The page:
of the shore cliffs, seeking fossils. Discovered only 4, all plants. Went 3 miles westward. Heavy snowbank, leaning back in the shadow most of the distance, almost changing to ice; very deep and of several years formation – not less than 40 ft. in many places. The cliffs of bluffs are from 200 to nearly 400 ft. high, composed of sandstone, coal, and conglomerate, the latter predominating. Great thickness of sediments; a mile or more visible on upturned edges, which give a furrowed surface by unequal weathering. Some good coal; bituminous burns well. Veins 40 ft. thick, more or less interrupted by clayey or sandy strata. Fossils not abundant. While I was scratching the rocks for some light on the history of their formation, 8 canoe-loads of Eskimos with all their goods, tents, children, etc., passed close along the shore, going towards Icy Cape; all except one were drawn by dogs from 3 to 5 to each canoe; attached by a long string of walrus hide and driven by a woman, or half-grown girl,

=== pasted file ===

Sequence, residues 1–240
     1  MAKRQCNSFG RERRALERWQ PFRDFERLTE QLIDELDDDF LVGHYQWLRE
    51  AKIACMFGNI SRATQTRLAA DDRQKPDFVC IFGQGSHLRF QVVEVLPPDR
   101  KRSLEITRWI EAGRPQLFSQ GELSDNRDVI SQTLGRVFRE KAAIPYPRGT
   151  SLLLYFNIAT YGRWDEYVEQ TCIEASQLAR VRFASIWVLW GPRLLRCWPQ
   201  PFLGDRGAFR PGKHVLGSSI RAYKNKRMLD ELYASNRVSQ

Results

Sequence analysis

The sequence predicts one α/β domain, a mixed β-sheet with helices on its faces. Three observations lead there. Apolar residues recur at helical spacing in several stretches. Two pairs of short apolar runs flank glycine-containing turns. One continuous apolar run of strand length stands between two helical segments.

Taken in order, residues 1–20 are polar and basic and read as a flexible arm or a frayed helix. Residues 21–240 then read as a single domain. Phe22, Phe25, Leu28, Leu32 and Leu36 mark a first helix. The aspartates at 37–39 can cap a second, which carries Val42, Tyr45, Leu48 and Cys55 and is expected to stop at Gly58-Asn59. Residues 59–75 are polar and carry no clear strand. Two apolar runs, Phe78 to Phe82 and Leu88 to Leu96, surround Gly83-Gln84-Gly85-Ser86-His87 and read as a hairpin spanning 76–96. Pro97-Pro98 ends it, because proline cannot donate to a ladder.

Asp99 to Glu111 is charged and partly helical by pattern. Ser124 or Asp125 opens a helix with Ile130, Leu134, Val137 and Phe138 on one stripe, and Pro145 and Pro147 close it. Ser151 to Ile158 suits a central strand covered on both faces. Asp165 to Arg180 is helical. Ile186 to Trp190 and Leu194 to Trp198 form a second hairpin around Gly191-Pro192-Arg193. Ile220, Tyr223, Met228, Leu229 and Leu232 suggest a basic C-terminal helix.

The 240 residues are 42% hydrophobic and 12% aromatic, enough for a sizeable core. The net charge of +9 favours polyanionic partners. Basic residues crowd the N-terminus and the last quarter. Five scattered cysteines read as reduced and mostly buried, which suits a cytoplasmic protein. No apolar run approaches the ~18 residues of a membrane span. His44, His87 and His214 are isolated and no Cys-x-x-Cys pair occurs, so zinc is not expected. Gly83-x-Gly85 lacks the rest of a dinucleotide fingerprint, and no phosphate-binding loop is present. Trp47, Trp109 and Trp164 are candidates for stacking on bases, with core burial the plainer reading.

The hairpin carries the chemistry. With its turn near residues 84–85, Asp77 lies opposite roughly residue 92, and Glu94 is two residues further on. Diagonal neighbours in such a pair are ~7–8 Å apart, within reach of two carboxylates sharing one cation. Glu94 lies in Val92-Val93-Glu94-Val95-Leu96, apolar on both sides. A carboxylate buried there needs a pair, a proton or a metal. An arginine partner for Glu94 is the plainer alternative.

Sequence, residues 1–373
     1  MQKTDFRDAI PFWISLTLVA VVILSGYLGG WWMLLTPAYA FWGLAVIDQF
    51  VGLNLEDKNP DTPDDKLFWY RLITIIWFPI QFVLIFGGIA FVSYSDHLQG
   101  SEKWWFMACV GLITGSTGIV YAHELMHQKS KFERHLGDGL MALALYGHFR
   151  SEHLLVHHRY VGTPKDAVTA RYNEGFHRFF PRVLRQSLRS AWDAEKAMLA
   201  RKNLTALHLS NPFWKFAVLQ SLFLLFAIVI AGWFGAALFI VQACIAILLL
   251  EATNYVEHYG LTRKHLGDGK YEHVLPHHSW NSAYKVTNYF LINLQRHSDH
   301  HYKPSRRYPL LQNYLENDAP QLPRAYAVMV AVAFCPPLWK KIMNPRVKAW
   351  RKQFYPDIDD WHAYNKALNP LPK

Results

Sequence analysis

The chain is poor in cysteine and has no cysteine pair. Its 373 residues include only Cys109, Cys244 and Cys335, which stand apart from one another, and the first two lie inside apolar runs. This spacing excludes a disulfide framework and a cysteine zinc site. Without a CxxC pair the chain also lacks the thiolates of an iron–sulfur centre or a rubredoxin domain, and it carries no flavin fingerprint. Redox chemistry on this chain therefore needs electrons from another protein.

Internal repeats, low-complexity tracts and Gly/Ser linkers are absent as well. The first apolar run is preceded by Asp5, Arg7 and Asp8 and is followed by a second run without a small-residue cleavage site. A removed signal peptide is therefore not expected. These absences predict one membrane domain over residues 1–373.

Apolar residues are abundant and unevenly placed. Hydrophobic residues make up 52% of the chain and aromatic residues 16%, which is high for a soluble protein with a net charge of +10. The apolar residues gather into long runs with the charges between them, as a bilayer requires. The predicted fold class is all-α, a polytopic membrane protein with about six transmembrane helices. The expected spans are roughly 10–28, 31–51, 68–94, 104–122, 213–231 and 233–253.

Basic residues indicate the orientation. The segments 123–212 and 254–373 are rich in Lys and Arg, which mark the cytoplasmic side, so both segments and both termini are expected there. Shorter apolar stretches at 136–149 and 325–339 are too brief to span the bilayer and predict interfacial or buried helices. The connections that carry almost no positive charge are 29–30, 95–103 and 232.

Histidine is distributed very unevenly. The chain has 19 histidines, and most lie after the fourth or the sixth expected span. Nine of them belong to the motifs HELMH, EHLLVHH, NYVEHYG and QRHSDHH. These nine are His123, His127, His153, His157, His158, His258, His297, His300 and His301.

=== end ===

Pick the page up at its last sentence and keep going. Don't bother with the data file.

Original journal dimensions: 11.5 x 21 cm.
Holt-Atherton Special Collections, University of the Pacific Library
To view additional information on copyright and related rights of this item, such as to purchase copies of images and/or obtain permission to publish them, click here to view the Holt-Atherton Special Collections policies.
John Muir, journals, drawings, writings, travel, journaling, naturalist